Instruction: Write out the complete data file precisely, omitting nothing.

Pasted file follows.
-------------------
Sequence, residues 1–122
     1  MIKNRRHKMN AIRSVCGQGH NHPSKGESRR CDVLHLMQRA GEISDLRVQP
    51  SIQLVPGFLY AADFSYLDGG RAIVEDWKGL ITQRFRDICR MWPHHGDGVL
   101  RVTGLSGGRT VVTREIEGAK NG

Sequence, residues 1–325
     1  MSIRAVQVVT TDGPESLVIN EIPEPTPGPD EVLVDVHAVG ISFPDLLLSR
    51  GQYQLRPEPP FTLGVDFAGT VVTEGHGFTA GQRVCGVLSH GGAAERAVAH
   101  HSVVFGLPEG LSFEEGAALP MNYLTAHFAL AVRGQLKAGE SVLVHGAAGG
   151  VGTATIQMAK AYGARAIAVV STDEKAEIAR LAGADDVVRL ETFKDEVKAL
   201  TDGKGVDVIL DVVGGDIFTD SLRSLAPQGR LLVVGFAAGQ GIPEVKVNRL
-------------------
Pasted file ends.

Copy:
Sequence, residues 1–122
     1  MIKNRRHKMN AIRSVCGQGH NHPSKGESRR CDVLHLMQRA GEISDLRVQP
    51  SIQLVPGFLY AADFSYLDGG RAIVEDWKGL ITQRFRDICR MWPHHGDGVL
   101  RVTGLSGGRT VVTREIEGAK NG

Sequence, residues 1–325
     1  MSIRAVQVVT TDGPESLVIN EIPEPTPGPD EVLVDVHAVG ISFPDLLLSR
    51  GQYQLRPEPP FTLGVDFAGT VVTEGHGFTA GQRVCGVLSH GGAAERAVAH
   101  HSVVFGLPEG LSFEEGAALP MNYLTAHFAL AVRGQLKAGE SVLVHGAAGG
   151  VGTATIQMAK AYGARAIAVV STDEKAEIAR LAGADDVVRL ETFKDEVKAL
   201  TDGKGVDVIL DVVGGDIFTD SLRSLAPQGR LLVVGFAAGQ GIPEVKVNRL